Okay, I’ll level with you. This one never popped up on that many lists, but it really deserves a place on mine. The Rats is James Herbert’s debut novel and, while he got a little more literary as he went on, The Rats is a short, nasty, bitey read. His writing has something urgent and raw about it which adds to its horror, as it describes a plague of huge rats that grower ever bolder, attacking the public with increasing viciousness.
The Rats has an overarching narrative and a hero inhabiting it, but it’s punctuated with individual vignettes which keep the horror levels high, and it’s these that stick in your head the longest.
Jaws – Peter Benchley, 1974
Oh, come on. Do I need to explain what this book is about? Jaws was written in 1974 but was quickly eclipsed by its 1975 film adaptation, and has since become synonymous with the summer blockbuster as well as a milestone of thriller cinema. Not ringing a bell? Okay then, let me explain:
At the height of tourist season, the town of Amity, Long Island, finds its waters preyed upon by a great white shark. As the deaths mount, the town’s police chief is pressured by the authorities to keep the beaches open against his better judgement, and soon the only way to stop the shark is to hunt it down.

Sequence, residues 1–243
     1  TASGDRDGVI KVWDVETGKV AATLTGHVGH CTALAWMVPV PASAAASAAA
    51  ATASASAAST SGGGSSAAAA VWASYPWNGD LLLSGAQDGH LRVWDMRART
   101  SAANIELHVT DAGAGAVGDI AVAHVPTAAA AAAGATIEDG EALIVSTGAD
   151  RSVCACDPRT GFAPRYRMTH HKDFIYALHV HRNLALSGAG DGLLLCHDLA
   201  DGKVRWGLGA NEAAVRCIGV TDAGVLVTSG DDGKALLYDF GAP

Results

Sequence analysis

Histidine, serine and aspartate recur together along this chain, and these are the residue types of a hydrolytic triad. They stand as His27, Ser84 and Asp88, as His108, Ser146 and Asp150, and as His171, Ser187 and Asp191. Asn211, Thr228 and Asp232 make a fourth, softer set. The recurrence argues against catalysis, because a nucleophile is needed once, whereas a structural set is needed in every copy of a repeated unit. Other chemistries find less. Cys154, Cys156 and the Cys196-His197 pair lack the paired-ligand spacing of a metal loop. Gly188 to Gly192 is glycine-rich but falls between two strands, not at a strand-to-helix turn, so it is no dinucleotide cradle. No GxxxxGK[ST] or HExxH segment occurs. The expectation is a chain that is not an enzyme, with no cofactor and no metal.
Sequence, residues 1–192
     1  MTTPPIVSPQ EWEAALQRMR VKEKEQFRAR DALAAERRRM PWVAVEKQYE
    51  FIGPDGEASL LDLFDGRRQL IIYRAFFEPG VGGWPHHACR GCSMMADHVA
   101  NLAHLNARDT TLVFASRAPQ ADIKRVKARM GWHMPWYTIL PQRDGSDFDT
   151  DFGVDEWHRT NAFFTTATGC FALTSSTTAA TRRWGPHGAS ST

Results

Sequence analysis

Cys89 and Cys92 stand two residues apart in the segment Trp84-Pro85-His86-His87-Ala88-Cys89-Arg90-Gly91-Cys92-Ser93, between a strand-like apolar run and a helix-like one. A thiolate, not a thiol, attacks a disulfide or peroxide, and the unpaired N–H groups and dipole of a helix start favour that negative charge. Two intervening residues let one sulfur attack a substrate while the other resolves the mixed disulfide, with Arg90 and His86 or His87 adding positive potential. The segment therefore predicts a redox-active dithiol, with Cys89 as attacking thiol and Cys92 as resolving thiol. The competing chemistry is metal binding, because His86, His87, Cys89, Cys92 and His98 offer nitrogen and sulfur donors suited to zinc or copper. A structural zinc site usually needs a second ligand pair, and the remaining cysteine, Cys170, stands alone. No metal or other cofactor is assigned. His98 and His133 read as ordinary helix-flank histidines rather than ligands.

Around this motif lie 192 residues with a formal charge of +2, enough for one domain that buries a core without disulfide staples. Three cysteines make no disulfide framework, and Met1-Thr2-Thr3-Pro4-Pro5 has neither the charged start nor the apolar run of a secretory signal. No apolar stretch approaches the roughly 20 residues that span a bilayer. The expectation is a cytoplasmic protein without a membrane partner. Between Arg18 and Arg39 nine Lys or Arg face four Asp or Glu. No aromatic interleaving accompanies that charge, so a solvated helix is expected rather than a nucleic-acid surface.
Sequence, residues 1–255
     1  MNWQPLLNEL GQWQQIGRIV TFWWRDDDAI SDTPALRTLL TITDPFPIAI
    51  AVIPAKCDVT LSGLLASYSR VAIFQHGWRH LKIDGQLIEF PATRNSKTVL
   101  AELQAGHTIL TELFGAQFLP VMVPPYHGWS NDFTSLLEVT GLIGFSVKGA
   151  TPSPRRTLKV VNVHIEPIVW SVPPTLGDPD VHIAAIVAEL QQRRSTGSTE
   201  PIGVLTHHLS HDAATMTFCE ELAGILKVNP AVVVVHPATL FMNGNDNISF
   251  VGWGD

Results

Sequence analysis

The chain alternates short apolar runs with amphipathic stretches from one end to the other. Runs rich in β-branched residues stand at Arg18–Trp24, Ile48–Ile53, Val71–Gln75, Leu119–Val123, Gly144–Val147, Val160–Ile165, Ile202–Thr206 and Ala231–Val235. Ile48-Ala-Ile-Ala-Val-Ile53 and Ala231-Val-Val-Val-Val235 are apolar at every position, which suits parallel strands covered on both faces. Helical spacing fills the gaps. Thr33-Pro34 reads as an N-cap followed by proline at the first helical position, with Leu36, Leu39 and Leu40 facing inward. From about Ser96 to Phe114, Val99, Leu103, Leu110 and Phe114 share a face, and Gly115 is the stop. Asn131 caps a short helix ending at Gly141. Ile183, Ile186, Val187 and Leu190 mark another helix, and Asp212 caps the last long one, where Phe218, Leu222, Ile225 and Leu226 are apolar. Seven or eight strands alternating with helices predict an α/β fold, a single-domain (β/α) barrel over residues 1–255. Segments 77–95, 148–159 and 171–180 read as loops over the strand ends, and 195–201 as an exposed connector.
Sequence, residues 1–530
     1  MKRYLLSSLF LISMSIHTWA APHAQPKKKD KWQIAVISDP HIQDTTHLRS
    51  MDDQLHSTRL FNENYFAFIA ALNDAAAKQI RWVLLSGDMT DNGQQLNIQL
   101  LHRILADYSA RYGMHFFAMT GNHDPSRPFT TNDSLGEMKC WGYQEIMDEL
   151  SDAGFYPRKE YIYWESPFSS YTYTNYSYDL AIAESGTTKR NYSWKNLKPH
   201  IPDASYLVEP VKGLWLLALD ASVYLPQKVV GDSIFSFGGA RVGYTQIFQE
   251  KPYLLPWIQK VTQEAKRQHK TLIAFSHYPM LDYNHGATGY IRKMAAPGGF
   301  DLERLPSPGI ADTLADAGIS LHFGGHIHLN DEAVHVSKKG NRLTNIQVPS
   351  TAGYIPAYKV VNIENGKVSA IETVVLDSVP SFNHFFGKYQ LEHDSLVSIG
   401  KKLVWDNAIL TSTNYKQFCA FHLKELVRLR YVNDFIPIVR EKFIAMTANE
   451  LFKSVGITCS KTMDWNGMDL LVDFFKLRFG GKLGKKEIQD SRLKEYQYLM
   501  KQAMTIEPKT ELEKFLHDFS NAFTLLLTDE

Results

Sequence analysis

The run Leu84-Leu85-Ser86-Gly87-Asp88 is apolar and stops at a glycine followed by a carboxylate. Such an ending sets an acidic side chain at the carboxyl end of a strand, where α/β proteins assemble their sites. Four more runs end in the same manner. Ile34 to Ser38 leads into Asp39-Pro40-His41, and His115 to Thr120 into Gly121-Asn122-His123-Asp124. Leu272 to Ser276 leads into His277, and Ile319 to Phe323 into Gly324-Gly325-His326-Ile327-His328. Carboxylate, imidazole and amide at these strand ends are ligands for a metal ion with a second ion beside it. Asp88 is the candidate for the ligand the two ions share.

Anyone who has seen the film (and I’m sure that demographic includes you) might find themselves surprised by some of the changes between novel and movie, as well as by some of the more explicit content in the book’s fleshed-out narrative strands. Like all 70s creature feature horror, Jaws is packed with lurid subplots and randy characters. But no character is more vividly drawn than the shark itself.
Interview with the Vampire – Anne Rice, 1976
No one did more to update vampires than Anne Rice. Prior to Interview with the Vampire, bloodsuckers were monstrous or seductive archetypes, but Rice makes the personalities of her vampires the heart of her story. The story sees the Byronic vampire Lestat turn Louis into one of his kind, a transformation that will set him on a journey drenched in blood and pain. The novel’s thoughtfulness is weighed beautifully against its goriness and sensuality.
Ghost Story – Peter Straub, 1979
Ghost Story boasts one of the most hooking opening chapters in horror. It’s a sprawling tale of five men who must confront an evil buried deep in their past, and escalates to a trialing climax.
The Elementals – Michael McDowell, 1981
It all begins with a strange rite at a funeral involving an open casket and hereditary blade. From there, McDowell’s Southern Gothic tale takes us to the Gulf coast, where our protagonists are staying near to a house abandoned for so long that the sands have claimed half the building.